So I decided to continue making select veggies and cereal, since my doctor told me the baby cereal has absolutely no nutritional value. And it was going great, until today when I had my blender filled to the brim with oatmeal and bananas and an entire stove top filled with other veggies waiting to be pureed next when out of nowhere my blender died. That sickening feeling returned.

Let me get this straight: Now my baby food making labor has actually cost us our blender, too? I'm not typically a quitter. When I put my mind to something, there is usually nothing that can get in my way - except a broken blender. It has really taken the wind out of my sail and I'm thinking that maybe buying baby food isn't all that bad after all.

Cauliflower is overrated anyway, right? Mostly water. He won't even miss it.

Saturday, July 20, 2013

Overheard in the Robinson Household

Overheard in the Robinson Household, volume 3

Me: I'm a terrible winker.
Pat: You really are. Probably the worst I've ever met. Not that I go around asking people to wink at me...

Me: (hand Graham a tiny, age-appropriate piece of avocado)
Pat: Geez! You might as well feed him a golf ball
Me: Are you serious?
Pat: I guess I'm a little paranoid.


Me: I would have been a terrible wife in the 1950s.
Pat: Heard that. I would have divorced you already.


Pat: (pulls up picture from google) Does this look familiar?
Me: No, why would it?
Pat: It's Jabba the Hutt
Me: Okay?
Pat: It looks just like your baby picture.


Me: That's the smallest avocado pit I've ever seen.
Pat: That's what she said.


Pat; Is it a sign of the times that I just found a dollar in the street and the first thing I thought of was, 'is there poop folded in the middle?'
Me: Pat...
Pat: I'm serious, that's the first thing I thought of.
Me: Well, was there?
Pat: No.


Me: Where in the world is Carmen Sandiego, anyway?
Pat: I don't know but I loved that show.
Me: Did you have that game on your computer at school?
Pat: No. 
Me: Did you have Oregon Trail?
Pat: Heck yeah.
Me: Did you die of diarrhea when playing it?
Pat: No, but that's probably how I would die on the real Oregon Trail


Pat: Looks like the neighbors have a little beer pong action going on. Should we go show them what we've got?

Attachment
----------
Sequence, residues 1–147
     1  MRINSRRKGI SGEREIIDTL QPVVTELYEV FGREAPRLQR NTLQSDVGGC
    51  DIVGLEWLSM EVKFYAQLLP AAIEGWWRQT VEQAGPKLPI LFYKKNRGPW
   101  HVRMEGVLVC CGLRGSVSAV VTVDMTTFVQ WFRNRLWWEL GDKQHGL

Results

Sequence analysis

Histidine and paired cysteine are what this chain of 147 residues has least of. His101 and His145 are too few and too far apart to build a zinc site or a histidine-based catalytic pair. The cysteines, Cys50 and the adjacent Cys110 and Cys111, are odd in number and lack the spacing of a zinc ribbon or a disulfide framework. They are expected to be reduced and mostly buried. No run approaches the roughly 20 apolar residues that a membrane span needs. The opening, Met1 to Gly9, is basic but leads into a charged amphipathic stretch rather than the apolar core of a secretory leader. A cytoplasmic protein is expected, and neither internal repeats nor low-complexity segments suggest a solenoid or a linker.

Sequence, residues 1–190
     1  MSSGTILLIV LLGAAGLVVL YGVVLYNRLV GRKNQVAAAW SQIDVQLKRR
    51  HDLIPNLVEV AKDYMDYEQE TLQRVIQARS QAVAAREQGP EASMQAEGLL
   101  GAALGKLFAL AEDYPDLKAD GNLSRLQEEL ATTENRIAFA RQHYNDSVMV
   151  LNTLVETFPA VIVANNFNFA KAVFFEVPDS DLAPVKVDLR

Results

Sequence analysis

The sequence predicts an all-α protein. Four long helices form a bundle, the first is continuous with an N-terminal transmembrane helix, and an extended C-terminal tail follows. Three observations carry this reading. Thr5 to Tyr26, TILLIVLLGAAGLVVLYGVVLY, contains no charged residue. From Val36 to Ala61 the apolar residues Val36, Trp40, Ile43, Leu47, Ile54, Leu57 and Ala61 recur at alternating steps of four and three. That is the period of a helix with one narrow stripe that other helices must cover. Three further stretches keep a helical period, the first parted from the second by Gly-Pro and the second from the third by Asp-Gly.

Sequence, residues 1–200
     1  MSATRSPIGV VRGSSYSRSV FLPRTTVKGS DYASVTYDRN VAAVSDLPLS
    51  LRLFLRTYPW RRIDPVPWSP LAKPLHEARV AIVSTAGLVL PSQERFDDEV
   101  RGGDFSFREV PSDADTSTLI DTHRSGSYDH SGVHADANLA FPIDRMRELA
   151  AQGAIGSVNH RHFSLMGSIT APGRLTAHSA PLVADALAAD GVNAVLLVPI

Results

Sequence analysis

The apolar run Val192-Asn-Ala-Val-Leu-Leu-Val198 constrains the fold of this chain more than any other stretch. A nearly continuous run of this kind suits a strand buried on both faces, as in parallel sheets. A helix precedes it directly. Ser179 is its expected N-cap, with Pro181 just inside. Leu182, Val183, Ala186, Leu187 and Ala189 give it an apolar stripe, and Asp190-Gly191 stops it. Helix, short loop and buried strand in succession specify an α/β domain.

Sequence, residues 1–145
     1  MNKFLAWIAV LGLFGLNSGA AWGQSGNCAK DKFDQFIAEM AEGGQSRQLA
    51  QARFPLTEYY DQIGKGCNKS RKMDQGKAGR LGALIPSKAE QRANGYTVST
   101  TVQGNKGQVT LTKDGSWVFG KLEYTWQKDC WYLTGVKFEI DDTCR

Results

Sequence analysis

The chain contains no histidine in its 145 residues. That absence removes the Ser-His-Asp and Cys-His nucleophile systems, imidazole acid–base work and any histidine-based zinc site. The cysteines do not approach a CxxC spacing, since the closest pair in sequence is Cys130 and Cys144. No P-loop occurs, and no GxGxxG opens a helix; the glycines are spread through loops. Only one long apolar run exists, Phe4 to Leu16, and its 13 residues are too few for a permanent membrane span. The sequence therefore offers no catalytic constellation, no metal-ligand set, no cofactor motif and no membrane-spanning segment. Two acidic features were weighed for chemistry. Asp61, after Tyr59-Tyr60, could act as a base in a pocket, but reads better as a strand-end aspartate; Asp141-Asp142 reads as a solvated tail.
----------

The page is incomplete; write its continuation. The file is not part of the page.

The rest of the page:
Me: No. We don't have anything anymore.
Pat: Yeah, that's true.


Me: Can I offer you some tic tacs?
Pat: I'd love some. Especially since I didn't brush my teeth this morning.
Me: You haven't brushed your teeth at all today?
Pat: No. I forgot.
Me: (hand him some tic tacs)
Pat: I'm going to need more than two.
Me: Yeah, I guess so.


Pat: (starts doing some weird dance move to the music)
Me: (start dancing too)
Pat: I'm not dancing. I'm stretching my wrist.
Me: Oh. I thought we were having a dance party.
Pat: What kind of dance move did you think I was doing?
Me: I never know with you...

Wednesday, July 17, 2013

Graham's crawling video

I can't believe that when the month of July started, Graham wasn't crawling at all. Now here it is, halfway through the month and not only has he perfected the crawl, but he's now pulling himself up on furniture and walking alongside of it.

It is amazing how quickly these developmental milestones happen. Such a fun, scary and exciting time in our parenting quest. It's fun to see him mobile and to be able to call his name and have him crawl to you. In fact, it melts my heart every single time.

Life in the Robinson household is very different, that's for sure. On Saturday, I was in the bathroom getting ready and Pat was in the kitchen. Graham spent his time crawling back and forth between the two of us (and seeing what trouble he could get into in between). We had to keep yelling to one another "He's coming your way."

I love the new noise he makes when he crawls now. That is new just this week. You can kind of hear it in this video I made. Now if he could figure out how to carry his ball while crawling, I think his life would be complete.

Friday, July 12, 2013

Emscapades - Pawley's Island round two

Emscapades, Volume 3

This Emscapade once again took place on the beach of Pawley's Island, South Carolina. Again, taking a stroll along the beach, only this time it was at night and the sky was pitch black. The beach was pretty empty with the exception of a group just next to the deck leading up to our beach house.

Pat and I had just finished our walk along the beach and stopped to pause for a moment and listen to the roar of the ocean waves. After all, there are few better sounds in the world, right? We found ourselves both looking up and gazing at the stars when all of the sudden we hear someone from the group next to us start making bird sounds.

"Ca caw, ca caw," he yelled. Pat and I looked at each other, chuckled a little and then went back to our star gazing and wave listening. The bird sound happened again. "Ca caw, ca caw." This time we completely ignored the noise and continued looking up at the stars when all of the sudden, there was a guy running right up to us.

To say it caught us both off guard is an understatement. I would go as far as saying, it scared the crap out of us! The guy, obviously quite "spirited" as my dad would call it (also known as wasted), was holding a drink, naturally, and was wearing khaki shorts and a beach shirt that was appropriately completely unbuttoned and hanging off his shoulders on each side. And he had brown hair down to his shoulders. Of course he did.